Pump Prices Back Away from two-year Highs

Oregon one of 46 states to see prices drop week-over-week

PORTLAND, Ore., – Retail gas prices are slowly receding as the South and Southeast states recover from Harvey and Irma. This week 46 states including Oregon are reporting lower prices than a week ago. But pump prices remain near year-to-date highs and the highest prices since August 2015. For the week, the national average for regular unleaded slips a penny to $2.66 while the Oregon average ticks down two cents to $2.92.

2017 year to date highs 9-19-2017

“Major gas price hikes appear to be in the rearview mirror as refineries, pipelines and gasoline deliveries resume more normal operations,” says Marie Dodds, public affairs director for AAA Oregon/Idaho. “Still, drivers can expect volatile prices over the next couple of weeks, as demand remains significant in the wake of the storms.”

OR local-national 9-19-17

Hurricanes Jose and Maria are not expected to have major impacts on gas prices as they are not expected to enter the Gulf of Mexico. Hurricane season ends on November 30.

As gas prices move lower in most states, the nation’s gasoline inventory is also shrinking. The latest Energy Information Administration (EIA) report identifies the latest draw of 8.4 million bbl as the highest on record, much of which can be attributed to motorist fueling up in the droves in anticipation of Hurricane Irma. “The next report may also show record demand levels, but demand is expected to sharply decline by the end of this month and into October,” says Dodds.

Oregon is one of 46 states where prices decreased in the last week. The largest drop is in Indiana (-17 cents). The largest increase is in Alaska (+4 cents).

All 50 states and the District of Columbia have higher prices now than a month ago. The largest monthly increases are in Georgia (+50 cents), Florida (+45 cents) and South Carolina (+44 cents). Oregon has one of the lowest monthly increases—the 45th largest in the country—at 12 cents. The national average is 28 cents more than a month ago.

The West Coast continues to have the most expensive gas prices in the nation. For the third week in a row, California tops the list, with Hawaii, Washington, Alaska and Oregon rounding out the top five most expensive states. Alaska becomes the fourth state to have an average at or above $3 per gallon. Oregon is fifth most expensive for the 12th week in a row.

Rank Region Price on 9/19/2017
1 California $3.15
2 Hawaii $3.12
3 Washington $3.05
4 Alaska $3.00
5 Oregon $2.90
6 Pennsylvania $2.86
7 Connecticut $2.85
8 District of Columbia $2.85
9 New York $2.81
10 Nevada $2.80

Unlike regions east of the Mississippi, the West Coast region saw an increase in gasoline inventory by a moderate 750,000 bbl.

Still, pump prices in this region are volatile and have moved up this week in half of the West Coast states: Alaska (+4 cents), Hawaii (+1 cent), Arizona (+1 cent) and Washington (+1/2 cent). Oregon (-2 cents), Nevada (-1 cent) and California (-1 cent) saw prices decline.

The nation’s cheapest markets are Oklahoma ($2.31) and Missouri ($2.33). For the eighth week in a row, no states have an average below $2.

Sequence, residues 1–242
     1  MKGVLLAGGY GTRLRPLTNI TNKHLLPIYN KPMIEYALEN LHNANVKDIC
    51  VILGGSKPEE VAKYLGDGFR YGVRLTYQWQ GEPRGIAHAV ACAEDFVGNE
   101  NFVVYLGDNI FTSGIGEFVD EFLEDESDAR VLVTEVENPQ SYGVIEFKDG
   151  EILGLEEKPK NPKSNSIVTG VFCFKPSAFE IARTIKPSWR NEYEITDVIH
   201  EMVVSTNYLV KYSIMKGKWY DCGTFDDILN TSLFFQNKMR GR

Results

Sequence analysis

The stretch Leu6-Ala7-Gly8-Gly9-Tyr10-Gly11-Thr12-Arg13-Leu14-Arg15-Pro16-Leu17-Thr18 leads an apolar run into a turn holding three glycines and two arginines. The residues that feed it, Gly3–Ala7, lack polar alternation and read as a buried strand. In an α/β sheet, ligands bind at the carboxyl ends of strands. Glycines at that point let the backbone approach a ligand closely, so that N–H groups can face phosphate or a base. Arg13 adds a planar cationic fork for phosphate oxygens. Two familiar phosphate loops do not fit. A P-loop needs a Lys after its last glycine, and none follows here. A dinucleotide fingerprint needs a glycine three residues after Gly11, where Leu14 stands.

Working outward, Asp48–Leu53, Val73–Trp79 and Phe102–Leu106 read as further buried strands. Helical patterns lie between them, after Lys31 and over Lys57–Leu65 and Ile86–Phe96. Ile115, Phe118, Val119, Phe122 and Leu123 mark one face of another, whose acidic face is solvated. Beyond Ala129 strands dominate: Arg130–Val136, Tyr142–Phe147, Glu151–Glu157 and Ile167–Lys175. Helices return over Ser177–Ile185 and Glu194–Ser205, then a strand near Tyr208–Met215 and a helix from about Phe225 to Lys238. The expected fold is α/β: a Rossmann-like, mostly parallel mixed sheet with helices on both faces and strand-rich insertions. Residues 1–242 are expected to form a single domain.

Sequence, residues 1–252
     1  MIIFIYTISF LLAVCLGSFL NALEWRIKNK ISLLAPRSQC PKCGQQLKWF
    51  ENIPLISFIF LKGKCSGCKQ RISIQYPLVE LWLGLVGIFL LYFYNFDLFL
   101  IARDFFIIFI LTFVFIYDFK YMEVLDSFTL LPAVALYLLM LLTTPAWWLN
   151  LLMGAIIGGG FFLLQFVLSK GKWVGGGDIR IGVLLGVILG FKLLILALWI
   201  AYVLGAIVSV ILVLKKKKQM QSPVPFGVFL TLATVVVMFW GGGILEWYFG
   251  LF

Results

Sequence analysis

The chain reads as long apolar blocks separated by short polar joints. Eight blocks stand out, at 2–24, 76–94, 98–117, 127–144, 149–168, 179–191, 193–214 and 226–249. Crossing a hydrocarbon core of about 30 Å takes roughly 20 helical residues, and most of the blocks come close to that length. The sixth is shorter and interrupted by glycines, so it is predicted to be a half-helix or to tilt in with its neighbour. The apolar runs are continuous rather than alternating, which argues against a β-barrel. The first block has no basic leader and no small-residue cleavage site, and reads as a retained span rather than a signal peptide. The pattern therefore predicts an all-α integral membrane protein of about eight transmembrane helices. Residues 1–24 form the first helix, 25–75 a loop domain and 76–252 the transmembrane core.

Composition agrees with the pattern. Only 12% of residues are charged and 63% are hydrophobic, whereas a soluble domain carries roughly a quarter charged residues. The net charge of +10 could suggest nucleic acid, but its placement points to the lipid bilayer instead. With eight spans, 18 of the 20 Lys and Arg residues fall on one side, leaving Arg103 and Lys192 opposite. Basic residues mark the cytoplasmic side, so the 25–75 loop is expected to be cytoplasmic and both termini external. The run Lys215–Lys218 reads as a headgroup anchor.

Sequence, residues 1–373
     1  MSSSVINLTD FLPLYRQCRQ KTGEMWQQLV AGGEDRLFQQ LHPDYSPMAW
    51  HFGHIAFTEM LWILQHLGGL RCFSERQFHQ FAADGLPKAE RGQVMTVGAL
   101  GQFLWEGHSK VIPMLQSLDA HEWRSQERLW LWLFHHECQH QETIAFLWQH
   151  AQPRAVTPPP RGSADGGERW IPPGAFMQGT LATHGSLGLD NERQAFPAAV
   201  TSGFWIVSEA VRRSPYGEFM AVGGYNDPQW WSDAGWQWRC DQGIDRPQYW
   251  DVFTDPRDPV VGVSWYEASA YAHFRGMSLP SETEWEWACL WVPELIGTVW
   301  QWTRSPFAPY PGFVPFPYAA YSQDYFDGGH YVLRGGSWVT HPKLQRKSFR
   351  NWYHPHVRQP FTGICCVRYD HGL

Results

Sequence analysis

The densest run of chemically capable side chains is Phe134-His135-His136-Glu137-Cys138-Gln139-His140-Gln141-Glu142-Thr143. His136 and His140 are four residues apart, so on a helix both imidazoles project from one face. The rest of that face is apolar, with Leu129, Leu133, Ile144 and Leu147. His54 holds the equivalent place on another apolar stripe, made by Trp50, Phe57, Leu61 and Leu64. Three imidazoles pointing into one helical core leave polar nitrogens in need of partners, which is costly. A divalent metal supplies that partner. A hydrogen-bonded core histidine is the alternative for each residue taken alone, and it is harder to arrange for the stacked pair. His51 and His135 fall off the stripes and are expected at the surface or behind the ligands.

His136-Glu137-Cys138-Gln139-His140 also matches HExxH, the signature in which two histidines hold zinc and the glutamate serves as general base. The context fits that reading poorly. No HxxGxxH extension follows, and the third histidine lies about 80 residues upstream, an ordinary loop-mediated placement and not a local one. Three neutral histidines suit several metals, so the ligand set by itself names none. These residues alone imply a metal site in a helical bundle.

Drivers are paying more to fill up compared to one year ago. The national average is currently 41 cents per gallon more and the Oregon average is 37 cents more than a year ago.

Oil Market Dynamics

Last week, the price per barrel of WTI gained about five percent but still remains below $50 per barrel. Since Hurricanes Harvey and Irma hit the U.S., oil prices have not spiked like gasoline prices did despite a quarter of the refining capacity in the country being offline due to Harvey. As refineries work to reach pre-storm capacity levels, oil inventories may decline in the coming weeks as refineries turn to storage tanks to meet demand needs. Given that the fall driving season tends to be less demand-driven, any declines in inventories are likely to keep pace with demand.

As expected, EIA’s report last week showed a drop in crude input flows to 14.4 million b/d, illustrating that refineries affected by Harvey are taking in less oil as they resume normal operations. Any indication that the U.S. supply appears to be tightening could lead oil prices to rise. Moreover, falling by seven rigs last week, Baker Hughes reports that active oil rigs in the U.S. sit at 749.

At the close of Friday’s formal trading session on the NYMEX, WTI futures remained unchanged at $49.89. At the close of Monday’s session, WTI added two cents to settle at $49.91.Today crude is trading around $49, compared to $48 a week ago. Crude prices are up about five percent in the last month and are about $7 per barrel more than a year ago.

Drivers can find current gas prices along their route with the free AAA Mobile app for iPhone, iPad and Android. The app can also be used to map a route, find discounts, book a hotel and access AAA roadside assistance. Learn more at AAA.com/mobile.

Diesel

Diesel prices continue to tick up in many markets. For the week, the national average remains at $2.72 a gallon. Oregon’s average rises a penny to $2.94. A year ago the national average for diesel was $2.36 and the Oregon average was $2.55.

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Find current fuel prices at GasPrices.AAA.com.

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